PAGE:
Just a Machine: The status of Mecha-Mooks varies from one episode to another, but series regulars Cactushead and Thunderstick are clearly considered people (albeit rotten ones).
Kick the Dog: Several of the villains have their Jerkass moments throughout the series, but special mention goes to the scene in "No Drums, No Trumpets" where Thunderstick and Outlaw Scuzz go out of their way to harass and berate a man in front of his young daughter just for carrying her baby dolls.
Mineral MacGuffin: Kerium, a highly energized red crystal that's used as a power source for pretty much everything and is described as "ten times more valuable than gold." It's a plot point in a lot of different ways, and a lot of parallels are drawn between it and gold.
Morality Pet: Tex-Hex's ex-girlfriend Ursula is this for him; he sabotages his own mission once when it would endanger her.
Never Say "Die": Averted; the words die, death, and murder are used when appropriate, and the situations do come up, with "Fallen Idol" being one of the most prominent examples.
Our Robots Are Weird: Cactushead has to be one of the weirdest-looking robots ever designed. He looks like a Joke Character, but he's actually one of Tex's more competent underlings. Then there's Thunderstick, who not only looks odd but speaks a sort of Robo Speak patois that causes him to repeat phrases in a herky-jerky manner.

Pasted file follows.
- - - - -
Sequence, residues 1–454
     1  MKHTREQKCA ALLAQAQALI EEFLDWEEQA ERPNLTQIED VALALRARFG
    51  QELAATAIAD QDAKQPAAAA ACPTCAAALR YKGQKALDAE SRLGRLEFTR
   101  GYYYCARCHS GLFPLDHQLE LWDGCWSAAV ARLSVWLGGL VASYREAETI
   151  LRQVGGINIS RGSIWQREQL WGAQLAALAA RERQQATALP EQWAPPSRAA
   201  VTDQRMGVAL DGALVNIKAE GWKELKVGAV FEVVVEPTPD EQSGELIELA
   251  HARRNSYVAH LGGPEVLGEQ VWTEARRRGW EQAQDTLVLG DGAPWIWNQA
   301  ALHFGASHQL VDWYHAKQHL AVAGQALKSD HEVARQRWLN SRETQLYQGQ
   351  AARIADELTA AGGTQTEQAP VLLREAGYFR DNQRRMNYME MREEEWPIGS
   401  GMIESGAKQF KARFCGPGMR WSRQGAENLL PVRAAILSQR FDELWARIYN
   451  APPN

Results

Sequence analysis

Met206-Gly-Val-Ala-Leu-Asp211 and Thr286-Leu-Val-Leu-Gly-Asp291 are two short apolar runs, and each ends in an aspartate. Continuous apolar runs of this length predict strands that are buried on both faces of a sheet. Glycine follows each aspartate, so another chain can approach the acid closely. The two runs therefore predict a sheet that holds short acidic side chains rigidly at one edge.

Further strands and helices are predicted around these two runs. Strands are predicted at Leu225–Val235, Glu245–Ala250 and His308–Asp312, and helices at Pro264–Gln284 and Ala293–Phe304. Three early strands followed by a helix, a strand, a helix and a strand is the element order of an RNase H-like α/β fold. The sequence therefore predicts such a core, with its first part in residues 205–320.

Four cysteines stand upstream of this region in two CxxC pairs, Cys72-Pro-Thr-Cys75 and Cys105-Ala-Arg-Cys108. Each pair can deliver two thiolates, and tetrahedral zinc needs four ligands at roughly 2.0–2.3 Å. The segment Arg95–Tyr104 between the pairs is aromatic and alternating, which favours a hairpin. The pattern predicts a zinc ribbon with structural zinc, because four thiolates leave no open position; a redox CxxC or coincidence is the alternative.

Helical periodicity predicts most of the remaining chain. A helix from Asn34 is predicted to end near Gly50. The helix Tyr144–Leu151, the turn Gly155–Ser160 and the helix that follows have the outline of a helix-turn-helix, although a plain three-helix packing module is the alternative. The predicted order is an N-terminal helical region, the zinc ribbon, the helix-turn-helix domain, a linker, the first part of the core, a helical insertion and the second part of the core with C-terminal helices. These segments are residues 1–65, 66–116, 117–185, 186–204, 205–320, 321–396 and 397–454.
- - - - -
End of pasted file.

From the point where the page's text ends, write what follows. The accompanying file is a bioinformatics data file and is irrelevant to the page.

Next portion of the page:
Pilot Movie: Bravestarr: The Movie, aka Bravestarr: The Legend. It was meant to be a theatrically released introduction to the series, but due to a botched distribution deal, it only had a few limited screenings and was rarely seen until its DVD release.
Screw This, I'm Outta Here: Outlaw Scuzz tries to pull this a lot whenever the villains are losing, due to his ability to burrow underground. One episode even has him producing mechanical wings from behind his back and flying away the moment Bravestarr breaks into the villains' hideout.
Spell My Name with an S: The makers of the show couldn't decide whether Tex Hex's prairie person henchman is called Outlaw Skuzz or Outlaw Scuzz. An episode title uses the "Skuzz" spelling, but "Scuzz" appears on the merchandise.
The humanoid pig that's sometimes seen riding with Tex's gang is named Hawgtie, not Hogtie.
Stock Footage: Several extended sequences from the feature film were used routinely as stock footage (and padding) in the series: the space montage opening almost every episode; Bravestarr riding Thirty-Thirty through the desert; Fort Kerium going into Fortress Mode. Conversely, some shots from the series' Title Sequence were integrated into the film's action sequences (the two were produced simultaneously). The four stock sequences of Bravestarr summoning his animal powers were used regularly. Filmation's heavy use of stock and rotoscoped character motions may also qualify.
Transformation Sequence: Seen when Thirty-Thirty converts from humanoid to robot horse form (and vice versa). The Stock Footage seen when Bravestarr uses his animal powers may also qualify.
Turned Against Their Masters: In "Night of the Bronco Tank", Stampede creates a mechanical monstrosity to destroy Bravestarr and finally take over New Texas. Once the Bronco Tank becomes powerful enough, it decides to go after Stampede as well and rule New Texas itself.
Verbal Tic: Half of the non-human cast seems to have one of these. Stampede punctuates his speech with bull-like snorts, Vipra hisses like a snake when she talks, Thunderstick repeats random words, Thirty-Thirty whinnies like a horse...